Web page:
African fabrics are cherished for their vibrant and often colorful patterns. These fabrics are as diverse as the Continent itself. There are many different types of African fabrics, including Mud cloth, Kuba cloth, Kente cloth, and Ankara prints, to name a few. Each has a different history and is used for various purposes.
While many African fabrics are still hand spun and dyed and created using other labor intensive processes passed down for generations, the popularity of these prints has also pushed production into the global market, making them more readily available and affordable to people around the world.
Here at Underwraps, we use Kente and Anakara prints. Their affordability, durability, and wash-ability make them wonderful fabrics to be used by babies and toddlers.
Kente Cloth, known for its sharp, geometric and panel-like designs, was first made by Asante and Ewe weavers centuries ago. Though originally produced mainly in black and white and worn primarily by royalty and for sacred occasions, Kente cloth is now associated with vibrant colors and worn on many occasions. Each color and pattern holds special significance. Take a look below to see the meaning behind the colors found in these beautifully designed prints (1,6).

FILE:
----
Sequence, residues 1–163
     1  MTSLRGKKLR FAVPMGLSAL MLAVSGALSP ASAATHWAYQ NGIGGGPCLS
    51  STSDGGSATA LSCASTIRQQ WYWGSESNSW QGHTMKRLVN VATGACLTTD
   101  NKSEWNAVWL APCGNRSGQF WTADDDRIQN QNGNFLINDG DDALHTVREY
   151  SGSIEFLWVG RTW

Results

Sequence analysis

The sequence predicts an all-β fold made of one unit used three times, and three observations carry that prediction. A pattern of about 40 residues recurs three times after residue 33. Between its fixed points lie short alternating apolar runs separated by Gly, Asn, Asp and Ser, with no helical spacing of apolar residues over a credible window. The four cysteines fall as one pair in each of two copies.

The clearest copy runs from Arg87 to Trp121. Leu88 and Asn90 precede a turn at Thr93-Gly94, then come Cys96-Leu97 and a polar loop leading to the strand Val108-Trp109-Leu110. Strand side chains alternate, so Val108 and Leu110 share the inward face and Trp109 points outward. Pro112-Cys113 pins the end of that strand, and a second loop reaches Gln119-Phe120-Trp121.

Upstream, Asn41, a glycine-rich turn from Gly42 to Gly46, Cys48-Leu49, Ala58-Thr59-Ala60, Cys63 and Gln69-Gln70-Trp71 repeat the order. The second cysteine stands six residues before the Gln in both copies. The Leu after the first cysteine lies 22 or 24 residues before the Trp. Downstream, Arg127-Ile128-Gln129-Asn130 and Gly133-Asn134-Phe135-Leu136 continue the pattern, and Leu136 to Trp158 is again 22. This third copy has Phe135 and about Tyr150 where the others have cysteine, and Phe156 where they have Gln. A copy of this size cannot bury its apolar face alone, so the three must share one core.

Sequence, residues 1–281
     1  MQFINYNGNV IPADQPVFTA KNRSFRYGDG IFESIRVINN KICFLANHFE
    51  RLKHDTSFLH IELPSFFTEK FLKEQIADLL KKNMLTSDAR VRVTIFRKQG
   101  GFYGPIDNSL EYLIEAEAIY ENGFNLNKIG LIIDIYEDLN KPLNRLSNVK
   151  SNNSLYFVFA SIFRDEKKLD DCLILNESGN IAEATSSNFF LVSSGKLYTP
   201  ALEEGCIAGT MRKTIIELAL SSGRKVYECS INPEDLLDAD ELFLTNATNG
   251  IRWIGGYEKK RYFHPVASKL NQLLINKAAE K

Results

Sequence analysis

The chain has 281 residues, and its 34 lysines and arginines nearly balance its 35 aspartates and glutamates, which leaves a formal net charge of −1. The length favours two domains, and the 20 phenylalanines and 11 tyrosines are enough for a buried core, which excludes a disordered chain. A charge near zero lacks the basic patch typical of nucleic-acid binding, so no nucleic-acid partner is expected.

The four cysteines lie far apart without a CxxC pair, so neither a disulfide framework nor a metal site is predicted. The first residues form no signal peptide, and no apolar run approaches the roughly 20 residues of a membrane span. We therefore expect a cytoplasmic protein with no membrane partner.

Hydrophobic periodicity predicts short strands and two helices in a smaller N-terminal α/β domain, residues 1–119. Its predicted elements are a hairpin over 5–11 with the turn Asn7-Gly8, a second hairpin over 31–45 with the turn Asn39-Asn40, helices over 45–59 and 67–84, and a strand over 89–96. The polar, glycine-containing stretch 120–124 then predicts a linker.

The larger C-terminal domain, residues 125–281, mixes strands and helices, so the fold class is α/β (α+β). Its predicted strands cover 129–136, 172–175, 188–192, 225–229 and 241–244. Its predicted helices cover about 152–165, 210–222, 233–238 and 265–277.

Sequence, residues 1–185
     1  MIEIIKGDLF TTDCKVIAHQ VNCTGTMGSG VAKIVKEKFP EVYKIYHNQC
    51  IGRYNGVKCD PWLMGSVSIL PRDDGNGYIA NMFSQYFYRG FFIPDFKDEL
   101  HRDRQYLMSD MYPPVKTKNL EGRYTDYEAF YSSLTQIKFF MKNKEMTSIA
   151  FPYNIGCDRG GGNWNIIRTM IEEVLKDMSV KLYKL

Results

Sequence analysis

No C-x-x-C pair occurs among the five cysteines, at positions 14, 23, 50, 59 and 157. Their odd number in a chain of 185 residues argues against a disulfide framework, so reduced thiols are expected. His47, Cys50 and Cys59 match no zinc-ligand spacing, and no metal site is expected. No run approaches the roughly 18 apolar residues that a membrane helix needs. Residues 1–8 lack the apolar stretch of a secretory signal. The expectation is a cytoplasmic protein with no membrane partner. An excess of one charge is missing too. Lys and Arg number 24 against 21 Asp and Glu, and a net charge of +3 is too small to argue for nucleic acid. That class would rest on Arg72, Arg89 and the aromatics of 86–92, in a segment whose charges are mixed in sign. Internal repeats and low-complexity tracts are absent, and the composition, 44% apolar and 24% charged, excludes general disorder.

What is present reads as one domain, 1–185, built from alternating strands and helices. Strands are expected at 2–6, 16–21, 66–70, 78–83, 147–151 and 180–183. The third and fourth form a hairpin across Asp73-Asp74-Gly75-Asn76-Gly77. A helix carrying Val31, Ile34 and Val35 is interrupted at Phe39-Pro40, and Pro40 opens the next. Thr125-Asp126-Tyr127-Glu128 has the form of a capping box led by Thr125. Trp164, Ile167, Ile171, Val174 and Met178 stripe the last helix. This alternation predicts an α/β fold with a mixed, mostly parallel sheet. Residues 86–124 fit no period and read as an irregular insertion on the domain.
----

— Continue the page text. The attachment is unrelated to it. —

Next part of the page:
- Black -- maturation, intensified spiritual energy
- Blue -- peacefulness, harmony and love
- Green -- vegetation, planting, harvesting, growth, spiritual renewal
- Gold -- royalty, wealth, high status, glory, spiritual purity
- Grey -- healing and cleansing rituals; associated with ash
- Maroon -- the color of mother earth; associated with healing
- Pink-- associated with the female essence of life; a mild, gentle aspect of red
- Purple -- associated with feminine aspects of life; usually worn by women
- Red -- political and spiritual moods; bloodshed; sacrificial rites and death.
- Silver -- serenity, purity, joy; associated with the moon
- White -- purification, sanctification rites and festive occasions
- Yellow -- preciousness, royalty, wealth, fertility
Ankara prints, also know as "wax prints" have an entirely different history and are created through a special dying process (called batik), rather than through a weaving process. The process of Batik traces back to the Egyptians, over 2,000 years ago. While the oldest records are found in Egypt, the process became popular in other parts of Africa and Indonesia as well.
The history of Ankara prints most utilized in African fashion today is particularly interesting. In the 19th century, Dutch and English manufacturers want to tap into the Indonesian fabric market by making cheaper, mass-produced versions of the traditional hand-dyed batik prints. Indonesian consumers rejected the prints in favor of their own authentically dyed prints. However, the machine-dyed prints found popularity in African markets. Thus, global manufacturers began producing Ankara wax prints for African sellers and consumers, who then made the prints their own by attributing names and stories to the prints. Today, African wax prints are manufactured across the globe, including Europe, China, and Ghana.
To read more about the history of African prints, check out these resources: